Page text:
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Vinyl is not dead

 

February 21, 2014

Lindsay Brown

Rick Linie shows off some of the records for sale at Creative Leisure in Havre.

Vinyl records seemed to drop off the earth with the advent of more compact CDs and MP3s that were to take their place as the ultimate music medium, but after CDs were introduced in the '80s and popularized in the '90s and MP3s coming fairly close to making music au gratis of record companies, vinyl records are rising from the grave.

According to Nielsen SoundScan, which has been collecting data on music sales since 1991, record sales were lower than a half million copies in the United States in 1991. In 2013, it was around 6 million. Last year's top-selling vinyl album was Daft Punk's "Random Access Memories."

Though vinyl records only take up 2 percent of the total sales in music, the upward curve of vinyl sales has shown no signs of slowing since 2007.

Many are realizing what was left behind during the rise of today's most popular mediums, CDs and MP3s.

Rick Linie, the manager of KNMC 90.1 F.M. and a common face working at Creative Leisure, said he has never stopped collecting and listening to vinyl records.

Linie said something new records often include that may attract younger collectors is a code to download an MP3 version of the album, so buyers can have the music in multiple formats.

"Another thing they're realizing is having something physical is better ... ," Linie said, adding this is restoring his faith in people. "I think people like vinyl because it has a warmth that MP3s do not."

Linie said the resurgence of albums in popular culture is also good for the artists who want to put out whole albums instead of the widespread single-driven tactics many new artists are using to gain success. Artists used to conceive a grouping of songs to make a whole album, a work of art instead of being a vehicle for one number-one hit.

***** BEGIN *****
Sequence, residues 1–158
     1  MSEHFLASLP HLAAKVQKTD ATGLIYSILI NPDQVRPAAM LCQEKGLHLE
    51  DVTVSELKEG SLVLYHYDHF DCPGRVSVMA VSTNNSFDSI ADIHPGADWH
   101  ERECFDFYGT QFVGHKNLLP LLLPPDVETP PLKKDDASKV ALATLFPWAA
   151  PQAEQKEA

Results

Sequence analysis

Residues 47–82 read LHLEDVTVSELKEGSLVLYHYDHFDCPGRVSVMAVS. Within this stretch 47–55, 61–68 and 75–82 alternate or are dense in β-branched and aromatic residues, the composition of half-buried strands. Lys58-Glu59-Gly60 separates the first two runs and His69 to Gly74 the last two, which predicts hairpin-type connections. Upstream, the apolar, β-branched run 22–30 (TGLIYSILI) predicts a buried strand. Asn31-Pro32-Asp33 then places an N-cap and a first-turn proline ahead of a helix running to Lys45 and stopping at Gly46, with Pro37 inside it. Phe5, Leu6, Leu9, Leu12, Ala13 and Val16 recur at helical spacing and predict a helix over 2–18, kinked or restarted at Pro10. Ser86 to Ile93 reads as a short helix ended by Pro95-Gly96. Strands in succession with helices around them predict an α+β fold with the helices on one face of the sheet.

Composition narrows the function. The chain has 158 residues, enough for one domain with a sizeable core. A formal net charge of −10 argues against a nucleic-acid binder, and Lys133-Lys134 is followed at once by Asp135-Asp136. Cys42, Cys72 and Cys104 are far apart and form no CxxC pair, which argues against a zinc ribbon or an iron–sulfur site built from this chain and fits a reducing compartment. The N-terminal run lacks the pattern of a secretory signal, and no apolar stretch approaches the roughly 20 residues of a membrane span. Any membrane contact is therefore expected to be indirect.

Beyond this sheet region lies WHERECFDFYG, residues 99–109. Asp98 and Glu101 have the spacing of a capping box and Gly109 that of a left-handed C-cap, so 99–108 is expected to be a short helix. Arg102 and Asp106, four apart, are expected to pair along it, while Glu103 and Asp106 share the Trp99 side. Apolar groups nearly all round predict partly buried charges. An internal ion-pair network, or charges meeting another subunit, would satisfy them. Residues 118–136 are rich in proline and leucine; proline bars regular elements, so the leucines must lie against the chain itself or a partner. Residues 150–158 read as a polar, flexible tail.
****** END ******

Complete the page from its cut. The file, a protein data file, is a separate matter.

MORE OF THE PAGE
Linie said records and CDs never really died because of MP3 downloads. Around 90 percent of albums coming out today are being pressed into records and CDs still amount to 60 percent of sales for record companies, Linie said.

"Vinyl sales have been raising 30 percent every year for the last five years," Linie said. "A lot of high school kids are starting to buy records. Most high school kids that I've talked to have found them through their parents' collections and figured out it's pretty cool."

Linie said he believes there has always been a place for vinyl records and they never would have slowed so drastically in sales if record companies had never given up on them. In addition to the new collectors inducted into the world of vinyl every day, veteran collectors still want their physical copies.

"Anyone who has grown up with a physical product still wants a physical product," Linie said. "The labels have been way too quick in getting rid of them."

The future of record stores is still hopeful, Linie said. One of the reasons physical album sales, whether it be CDs or vinyl, have dropped is because there are fewer places to buy them, but with the rise of records, the stores may be brought back as record companies realize there is more demand for them.

Most albums these days are being pressed into 180-gram records, which are thicker and heavier than the majority of presses in the 20th century. This prolongs the record's life and gives the record a higher sound quality than its lighter counterpart.